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Snap is trying to lure Instagram advertisers by offering them free ads on Snapchat

Snap is offering hundreds of dollars in free ad credits to advertisers who buy vertical video ads on Instagram.

Snap CEO Evan Spiegel onstage
Snap CEO Spiegel at the 2015 Code Conference
Asa Mathat / Recode

Snap wants to attract new advertisers — specifically, it wants to attract advertisers who are spending money with its biggest competitor, Instagram.

To lure them over, Snap is reaching out to those advertisers that are buying vertical video ads on Instagram and other competitors, and offering them free advertising credits to give Snapchat a try.

Recode first heard about the new program from a source, and a Snapchat spokesperson confirmed that the company has indeed started reaching out to advertisers who are spending money on competing services.

Snap is directing advertisers to an online application, which requires them to upload a proof of purchase that they bought ads on a Snapchat competitor “sometime within the past three months.”

Snap is then offering those advertisers credits in the range of “several hundred dollars,” according to a source.

Snap hasn’t been shy about its need to increase its pool of advertisers. The company sells almost all of its vertical video ads through a process called programmatic ad buying — in other words, automated software programs that auction off ad spots to the highest bidder. The problem for Snap thus far has been that many of its auctions don’t have much competition, meaning that there aren’t enough advertisers bidding for the ads, and those that are using the service are getting the ads on the cheap, since few other advertisers (or no other advertisers) are bidding against them.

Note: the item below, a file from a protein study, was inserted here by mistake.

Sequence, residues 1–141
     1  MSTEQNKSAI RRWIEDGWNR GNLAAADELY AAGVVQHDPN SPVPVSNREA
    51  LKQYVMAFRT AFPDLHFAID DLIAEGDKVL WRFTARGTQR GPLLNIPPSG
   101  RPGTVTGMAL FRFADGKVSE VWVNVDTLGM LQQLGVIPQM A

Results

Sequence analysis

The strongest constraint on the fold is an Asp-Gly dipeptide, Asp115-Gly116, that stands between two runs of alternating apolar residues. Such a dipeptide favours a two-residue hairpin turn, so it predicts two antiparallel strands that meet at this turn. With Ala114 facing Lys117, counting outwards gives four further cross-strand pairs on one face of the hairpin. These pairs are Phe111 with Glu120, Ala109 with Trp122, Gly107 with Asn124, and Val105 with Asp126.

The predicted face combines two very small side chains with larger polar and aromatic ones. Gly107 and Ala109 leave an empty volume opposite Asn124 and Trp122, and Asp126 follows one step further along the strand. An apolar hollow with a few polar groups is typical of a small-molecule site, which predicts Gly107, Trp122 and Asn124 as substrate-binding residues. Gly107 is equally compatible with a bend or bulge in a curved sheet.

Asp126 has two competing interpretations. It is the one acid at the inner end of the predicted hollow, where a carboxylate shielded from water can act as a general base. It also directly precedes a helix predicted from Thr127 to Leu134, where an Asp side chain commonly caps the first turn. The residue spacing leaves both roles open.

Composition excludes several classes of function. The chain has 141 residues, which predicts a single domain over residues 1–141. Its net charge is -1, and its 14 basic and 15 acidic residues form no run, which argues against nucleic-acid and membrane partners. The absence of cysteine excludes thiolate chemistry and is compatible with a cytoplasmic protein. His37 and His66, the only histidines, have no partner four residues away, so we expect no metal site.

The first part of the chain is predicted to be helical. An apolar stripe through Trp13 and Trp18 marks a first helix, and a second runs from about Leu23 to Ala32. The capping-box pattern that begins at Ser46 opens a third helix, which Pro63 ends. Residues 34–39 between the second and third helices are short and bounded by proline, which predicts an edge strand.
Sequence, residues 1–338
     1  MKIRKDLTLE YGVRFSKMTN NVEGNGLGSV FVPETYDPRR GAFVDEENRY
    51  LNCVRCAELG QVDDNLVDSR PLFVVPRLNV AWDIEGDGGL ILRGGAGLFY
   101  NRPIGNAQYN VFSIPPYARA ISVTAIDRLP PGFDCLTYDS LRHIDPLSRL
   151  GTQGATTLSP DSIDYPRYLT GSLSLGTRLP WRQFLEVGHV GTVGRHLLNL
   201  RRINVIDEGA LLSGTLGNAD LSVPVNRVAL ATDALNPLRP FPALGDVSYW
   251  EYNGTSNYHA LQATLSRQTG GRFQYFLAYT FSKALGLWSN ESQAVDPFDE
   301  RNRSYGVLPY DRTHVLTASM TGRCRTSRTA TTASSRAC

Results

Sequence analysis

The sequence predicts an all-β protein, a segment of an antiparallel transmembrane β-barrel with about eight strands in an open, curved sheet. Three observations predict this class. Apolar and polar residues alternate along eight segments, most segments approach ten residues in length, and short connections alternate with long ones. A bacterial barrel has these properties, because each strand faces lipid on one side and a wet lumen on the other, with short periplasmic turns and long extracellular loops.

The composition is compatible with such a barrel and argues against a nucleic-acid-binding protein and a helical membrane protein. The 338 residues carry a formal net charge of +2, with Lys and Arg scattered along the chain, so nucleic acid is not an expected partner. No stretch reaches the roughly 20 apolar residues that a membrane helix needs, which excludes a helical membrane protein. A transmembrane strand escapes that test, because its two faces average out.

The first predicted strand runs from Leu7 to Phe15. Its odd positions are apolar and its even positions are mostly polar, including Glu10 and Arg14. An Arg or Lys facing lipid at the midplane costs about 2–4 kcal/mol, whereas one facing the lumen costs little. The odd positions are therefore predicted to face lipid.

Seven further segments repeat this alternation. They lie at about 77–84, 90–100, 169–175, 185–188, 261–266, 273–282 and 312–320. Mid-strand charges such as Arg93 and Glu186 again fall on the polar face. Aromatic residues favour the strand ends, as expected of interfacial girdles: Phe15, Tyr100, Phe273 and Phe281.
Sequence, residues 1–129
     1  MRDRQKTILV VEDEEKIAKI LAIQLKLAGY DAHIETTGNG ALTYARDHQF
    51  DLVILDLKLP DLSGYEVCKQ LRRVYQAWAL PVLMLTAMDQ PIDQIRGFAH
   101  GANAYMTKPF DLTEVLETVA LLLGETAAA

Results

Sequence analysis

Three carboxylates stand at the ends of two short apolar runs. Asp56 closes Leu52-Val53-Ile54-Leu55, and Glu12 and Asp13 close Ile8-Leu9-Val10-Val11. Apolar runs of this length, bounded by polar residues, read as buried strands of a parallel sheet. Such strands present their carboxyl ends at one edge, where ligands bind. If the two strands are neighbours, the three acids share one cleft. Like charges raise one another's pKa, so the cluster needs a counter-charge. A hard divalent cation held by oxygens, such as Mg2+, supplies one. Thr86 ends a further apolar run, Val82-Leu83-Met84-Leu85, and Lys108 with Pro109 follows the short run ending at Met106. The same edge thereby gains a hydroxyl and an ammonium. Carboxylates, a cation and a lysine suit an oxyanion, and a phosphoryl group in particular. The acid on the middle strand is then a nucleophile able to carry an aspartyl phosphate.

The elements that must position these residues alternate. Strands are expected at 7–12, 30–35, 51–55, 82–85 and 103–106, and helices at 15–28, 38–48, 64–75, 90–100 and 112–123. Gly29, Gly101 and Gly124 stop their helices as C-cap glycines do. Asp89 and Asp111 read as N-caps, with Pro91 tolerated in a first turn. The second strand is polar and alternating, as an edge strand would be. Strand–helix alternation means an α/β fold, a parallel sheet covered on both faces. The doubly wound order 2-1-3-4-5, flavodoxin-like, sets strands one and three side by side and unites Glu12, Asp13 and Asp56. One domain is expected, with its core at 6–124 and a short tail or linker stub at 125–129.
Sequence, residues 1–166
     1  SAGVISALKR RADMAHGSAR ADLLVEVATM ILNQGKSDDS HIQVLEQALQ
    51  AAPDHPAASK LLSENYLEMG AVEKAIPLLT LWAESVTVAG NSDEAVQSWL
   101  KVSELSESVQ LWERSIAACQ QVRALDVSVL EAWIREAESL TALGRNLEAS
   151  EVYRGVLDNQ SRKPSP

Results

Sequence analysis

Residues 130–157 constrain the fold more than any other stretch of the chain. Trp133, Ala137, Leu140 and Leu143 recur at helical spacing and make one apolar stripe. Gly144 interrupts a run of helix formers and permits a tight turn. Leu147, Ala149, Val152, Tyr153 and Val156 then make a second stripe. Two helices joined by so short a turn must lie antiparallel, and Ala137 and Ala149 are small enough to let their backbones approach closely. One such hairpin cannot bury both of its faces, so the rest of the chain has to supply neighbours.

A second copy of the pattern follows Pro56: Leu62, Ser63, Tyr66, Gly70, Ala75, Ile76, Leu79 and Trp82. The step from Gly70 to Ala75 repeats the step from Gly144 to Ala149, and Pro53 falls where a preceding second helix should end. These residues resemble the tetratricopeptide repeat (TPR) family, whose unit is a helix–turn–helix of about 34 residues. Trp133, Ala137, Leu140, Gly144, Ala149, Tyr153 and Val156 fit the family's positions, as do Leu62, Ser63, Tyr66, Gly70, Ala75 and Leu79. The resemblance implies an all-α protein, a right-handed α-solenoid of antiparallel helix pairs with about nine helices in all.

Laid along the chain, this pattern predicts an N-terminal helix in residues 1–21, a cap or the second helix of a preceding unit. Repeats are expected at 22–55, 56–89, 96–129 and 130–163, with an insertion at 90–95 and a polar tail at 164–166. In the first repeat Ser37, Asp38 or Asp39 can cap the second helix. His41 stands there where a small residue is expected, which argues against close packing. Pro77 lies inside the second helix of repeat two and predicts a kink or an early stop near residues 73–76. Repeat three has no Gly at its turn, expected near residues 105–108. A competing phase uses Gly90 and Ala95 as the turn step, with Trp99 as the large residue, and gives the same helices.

More advertisers would mean more competition, and theoretically, higher ad prices and more revenue for the company. On Snap’s last earnings call, when the company reported better-than-expected results, CFO Andrew Vollero called Snapchat’s ad auction “the engine that drove the growth in the fourth quarter.”

It’s also impossible to ignore the thinly veiled swipe at Instagram, which is without a doubt Snapchat’s biggest competitor. (Remember when Instagram stole Snapchat’s Stories idea?) The program is technically open to advertisers who bought vertical video ads anywhere else online, but Instagram is the most likely place Snap will find new targets.

Snap has offered ad credits to lure in advertisers before. It has a program called Snap Accelerate that gives special deals to VC-backed startups that want to advertise on Snapchat. It also offered ad credits and discounts to advertisers shortly after its IPO.

Snap is fresh off its best quarter as a publicly traded company. The company claimed more than $285 million in revenue when it reported Q4 earnings this week, up 72 percent on the same quarter last year.

Snap stock is up more than 50 percent on the week.

This article originally appeared on

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